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Maximilian Kolbe and the Redemption of Auschwitz

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A pilgrimage to the site of the Polish priest's martyrdom reminds the author that violence can never win

We were graced this month to travel to Poland on a parish pilgrimage. It was my first extended visit to the country, so it was therefore a great joy to visit Niepokalanow — the friary of St. Maximilian Kolbe. The visit started with Mass in the simple chapel founded by the saint. We continued by visiting his cell, viewing his relics and then worshipping in the modern basilica that stands on the site.

The next day our pilgrims visited the great Marian shrine of Czestochowa before going on to Auschwitz. The amazing accomplishments of St. Maximilian Kolbe climaxed in his death at the extermination camp, and to visit his monastic cell one day and his death cell the next was an awesome, moving and troubling experience. Here was a man, who, from his early life, decided to live for others and ended his life dying for another.

Raymund Kolbe was born on January 8, 1894, in Zduńska Wola, Poland. In 1907 Kolbe and his brother Francis left to join the Franciscans. Three years later he became a Franciscan novice, taking the name Maximillian.

A brilliant student, Kolbe earned a doctorate in philosophy in 1915, then continued his studies at the Pontifical University of St. Bonaventure where he earned a doctorate in theology. In 1918, he was ordained a priest and returned to the newly independent Poland, where he was active in promoting the veneration of the Immaculate Virgin Mary. From 1919 to 1922 he taught at the Kraków seminary. In January 1922 he founded the monthly periodical named Knight of the Immaculate, and over the next few years his publishing endeavors grew amazingly. Young men flocked to join him, and In 1927 he founded a new Franciscan monastery at Niepokalanów near Warsaw, which boasted almost 800 young friars and became a huge religious publishing center. To cope with the army of men wanting to serve Jesus and Mary, Kolbe founded a junior seminary was opened there two years later.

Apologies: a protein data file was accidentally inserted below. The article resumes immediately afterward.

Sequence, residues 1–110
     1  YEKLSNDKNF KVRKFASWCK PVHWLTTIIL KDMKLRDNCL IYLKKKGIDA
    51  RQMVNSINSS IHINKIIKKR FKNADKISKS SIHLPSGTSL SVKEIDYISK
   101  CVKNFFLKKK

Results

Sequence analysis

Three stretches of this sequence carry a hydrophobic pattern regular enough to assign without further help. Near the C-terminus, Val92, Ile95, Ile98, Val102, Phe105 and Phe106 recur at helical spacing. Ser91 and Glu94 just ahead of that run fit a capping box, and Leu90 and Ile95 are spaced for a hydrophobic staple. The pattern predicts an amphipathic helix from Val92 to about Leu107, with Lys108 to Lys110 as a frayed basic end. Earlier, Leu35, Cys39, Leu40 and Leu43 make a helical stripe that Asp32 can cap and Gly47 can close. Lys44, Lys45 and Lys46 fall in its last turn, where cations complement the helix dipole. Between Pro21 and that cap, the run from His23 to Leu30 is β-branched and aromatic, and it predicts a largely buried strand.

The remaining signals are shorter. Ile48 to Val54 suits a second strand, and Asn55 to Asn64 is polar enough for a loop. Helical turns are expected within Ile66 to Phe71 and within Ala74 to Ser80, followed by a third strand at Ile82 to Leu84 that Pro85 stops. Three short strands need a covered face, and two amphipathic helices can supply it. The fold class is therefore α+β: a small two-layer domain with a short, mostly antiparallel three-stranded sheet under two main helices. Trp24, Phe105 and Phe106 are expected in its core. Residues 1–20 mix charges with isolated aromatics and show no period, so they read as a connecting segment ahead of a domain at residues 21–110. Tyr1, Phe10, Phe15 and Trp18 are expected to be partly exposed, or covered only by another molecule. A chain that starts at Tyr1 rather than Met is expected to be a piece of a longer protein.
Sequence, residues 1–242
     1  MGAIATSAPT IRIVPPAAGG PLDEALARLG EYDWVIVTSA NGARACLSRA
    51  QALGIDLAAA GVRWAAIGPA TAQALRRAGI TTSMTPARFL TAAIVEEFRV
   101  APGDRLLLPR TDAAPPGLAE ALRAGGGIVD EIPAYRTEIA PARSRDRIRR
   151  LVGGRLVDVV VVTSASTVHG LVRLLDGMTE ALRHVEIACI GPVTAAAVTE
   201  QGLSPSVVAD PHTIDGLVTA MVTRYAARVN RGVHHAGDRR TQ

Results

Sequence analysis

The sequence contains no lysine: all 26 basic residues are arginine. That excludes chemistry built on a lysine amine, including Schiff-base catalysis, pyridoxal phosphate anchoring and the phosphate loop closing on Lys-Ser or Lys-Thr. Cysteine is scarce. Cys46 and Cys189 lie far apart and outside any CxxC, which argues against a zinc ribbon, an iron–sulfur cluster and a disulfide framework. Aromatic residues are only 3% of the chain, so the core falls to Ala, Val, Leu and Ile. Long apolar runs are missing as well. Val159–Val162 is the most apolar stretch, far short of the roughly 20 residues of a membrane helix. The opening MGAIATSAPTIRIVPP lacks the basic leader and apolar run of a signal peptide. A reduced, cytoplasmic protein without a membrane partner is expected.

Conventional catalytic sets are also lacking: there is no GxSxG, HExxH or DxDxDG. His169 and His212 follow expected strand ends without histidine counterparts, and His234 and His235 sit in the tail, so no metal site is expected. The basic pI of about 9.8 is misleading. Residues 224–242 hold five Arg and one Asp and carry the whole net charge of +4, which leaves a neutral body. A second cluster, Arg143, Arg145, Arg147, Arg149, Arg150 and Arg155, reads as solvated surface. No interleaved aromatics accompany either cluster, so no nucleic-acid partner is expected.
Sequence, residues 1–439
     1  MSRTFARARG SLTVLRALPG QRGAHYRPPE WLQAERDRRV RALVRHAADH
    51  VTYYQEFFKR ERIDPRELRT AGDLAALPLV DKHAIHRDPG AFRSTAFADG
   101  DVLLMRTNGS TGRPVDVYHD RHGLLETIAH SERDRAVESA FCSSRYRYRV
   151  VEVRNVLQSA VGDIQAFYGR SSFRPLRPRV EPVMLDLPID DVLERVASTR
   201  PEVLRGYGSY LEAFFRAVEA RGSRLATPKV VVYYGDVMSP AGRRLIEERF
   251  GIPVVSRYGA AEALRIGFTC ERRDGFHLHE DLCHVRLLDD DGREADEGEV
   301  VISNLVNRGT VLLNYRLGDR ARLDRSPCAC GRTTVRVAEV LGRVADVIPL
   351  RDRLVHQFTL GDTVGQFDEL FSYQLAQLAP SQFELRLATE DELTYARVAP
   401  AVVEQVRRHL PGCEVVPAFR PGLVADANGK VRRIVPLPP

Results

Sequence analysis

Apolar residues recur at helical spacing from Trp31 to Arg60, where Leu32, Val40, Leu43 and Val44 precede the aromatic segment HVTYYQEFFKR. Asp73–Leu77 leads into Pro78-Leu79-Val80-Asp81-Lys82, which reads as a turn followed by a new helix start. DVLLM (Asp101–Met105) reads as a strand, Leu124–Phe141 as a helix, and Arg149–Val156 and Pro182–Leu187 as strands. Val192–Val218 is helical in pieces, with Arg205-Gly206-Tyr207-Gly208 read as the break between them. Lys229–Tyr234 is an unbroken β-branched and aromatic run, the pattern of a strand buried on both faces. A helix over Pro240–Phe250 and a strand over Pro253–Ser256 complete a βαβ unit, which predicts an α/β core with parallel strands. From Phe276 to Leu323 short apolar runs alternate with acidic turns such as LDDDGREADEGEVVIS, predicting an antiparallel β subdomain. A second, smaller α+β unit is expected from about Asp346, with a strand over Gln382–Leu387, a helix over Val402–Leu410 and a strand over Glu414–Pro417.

If that wasn’t enough, between 1930 and 1936, Kolbe undertook a series of missions to the Far East, at first in China, and then in Japan and Malabar in India. With only one lung from a bout with tuberculosis, living in abject poverty and working tirelessly, Kolbe’s health was failing. Back at Niepokalanów he started a radio station and became increasingly involved in giving a Catholic response to the growing troubles with Germany. Then in 1939, after the German invasion of Poland, Kolbe’s troubles with the Nazis began.

He and his brothers hid Jews at Niepokalanów and eventually the Nazis arrested Kolbe and shipped him to Auschwitz, where he died by injection of carbolic acid after being starved for two weeks. The Franciscan friar had stepped forward to offer his life for that of another prisoner, who had pleaded for his life because he had a wife and children.

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